W Yamassee Burial Ground. On the second night (at St.
Francis) Bartram found that after dark he had
"unwittingly taken up my lodging on the borders of an ancient burying
ground; sepulchres or tumuli of the Yamassees, who were here slain by
the Creeks in the last decisive battle .. there were near thirty of these
cemeteries of the dead, nearly of an equal size and form, they were
oblong, twenty feet in length, ten or twelve feet in width, and three or
four feet high."
This Yamassee burial place has been demolished for road-fill. In
Cuscowilla, Bartram observed that Cowkeeper was attended by
some Yamassee slaves who spoke Spanish and were presumed to be

t'New Smyrna. Having weathered a violent early June storm in
his little boat, Bartram reached his destination, the plantation
owned by Lord Beresford. About 30 miles from the Minorcan col-
ony of New Smyrna founded in 1767, this area has particularly rich
soil and for more than a century produced large quantities of sugar
and syrup, in addition to the esteemed "Indian River" citrus. Sugar
Mill Gardens (Daytona Beach) and the New Smyrna Sugar Mill
Historical Memorial (New Smyrna Beach) can be visited today. To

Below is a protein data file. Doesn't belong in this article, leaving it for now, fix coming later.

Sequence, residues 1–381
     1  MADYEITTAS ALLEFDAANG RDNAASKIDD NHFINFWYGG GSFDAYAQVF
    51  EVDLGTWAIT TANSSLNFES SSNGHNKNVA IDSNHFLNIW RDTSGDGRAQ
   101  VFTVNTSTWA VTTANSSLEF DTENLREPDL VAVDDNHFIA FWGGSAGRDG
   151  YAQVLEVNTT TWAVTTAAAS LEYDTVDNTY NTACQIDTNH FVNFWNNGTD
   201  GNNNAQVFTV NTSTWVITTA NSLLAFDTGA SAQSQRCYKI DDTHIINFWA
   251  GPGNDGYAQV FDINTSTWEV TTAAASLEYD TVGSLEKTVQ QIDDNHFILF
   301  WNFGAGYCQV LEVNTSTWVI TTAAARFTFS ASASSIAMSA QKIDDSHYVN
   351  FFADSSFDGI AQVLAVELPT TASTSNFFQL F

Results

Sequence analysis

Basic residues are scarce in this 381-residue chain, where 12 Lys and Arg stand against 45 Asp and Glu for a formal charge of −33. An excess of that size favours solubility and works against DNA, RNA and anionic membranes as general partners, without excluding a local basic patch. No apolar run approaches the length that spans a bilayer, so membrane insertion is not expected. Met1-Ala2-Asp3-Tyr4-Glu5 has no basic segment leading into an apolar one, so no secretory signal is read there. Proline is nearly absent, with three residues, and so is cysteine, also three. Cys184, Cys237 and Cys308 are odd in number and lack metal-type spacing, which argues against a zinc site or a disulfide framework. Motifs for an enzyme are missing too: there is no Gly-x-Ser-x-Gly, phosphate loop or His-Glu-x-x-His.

the south, the town of Eau Gallie (selected as the site for the
state's Agricultural College in the 1870s) became more famous

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-%idl. Tournm.

Near Lake Dexter, Florida, Bartram
described anhingas, birds he recognized
from Chinese screens, and the celestial
lily, an early .morning flower not seen
again until the 1930s.




through the writings of Zora Neale Hurston, the black folklorist,
whose 1935 Mules and Men reveals an aspect of Florida's plantation
culture about which Bartram is silent.

WBlue Springs. Mr. Bernard, the manager of the Beresford Plan-
tation, took Bartram to Blue Springs: "This tepid water," Bartram
reported, "has a most disagreeable taste, brassy and vitriolic, and
very offensive to the smell, much like bilge water or the washings
of a gun barrel, and is smelt at a great distance." Blue. Springs, the
southernmost point of his journey, is now a state park and manatee
sanctuary in Volusia County. A marker at the spring, the largest
in the St. Johns River Basin, quotes John Bartram at the time of
his visit on January 4, 1766.

&Arrival at the Upper Store. On his return journey, Bartram
observed many birds the "savanna" or sandhill crane, limpkin,
curlew, and wood stork. He camped again near St. Francis and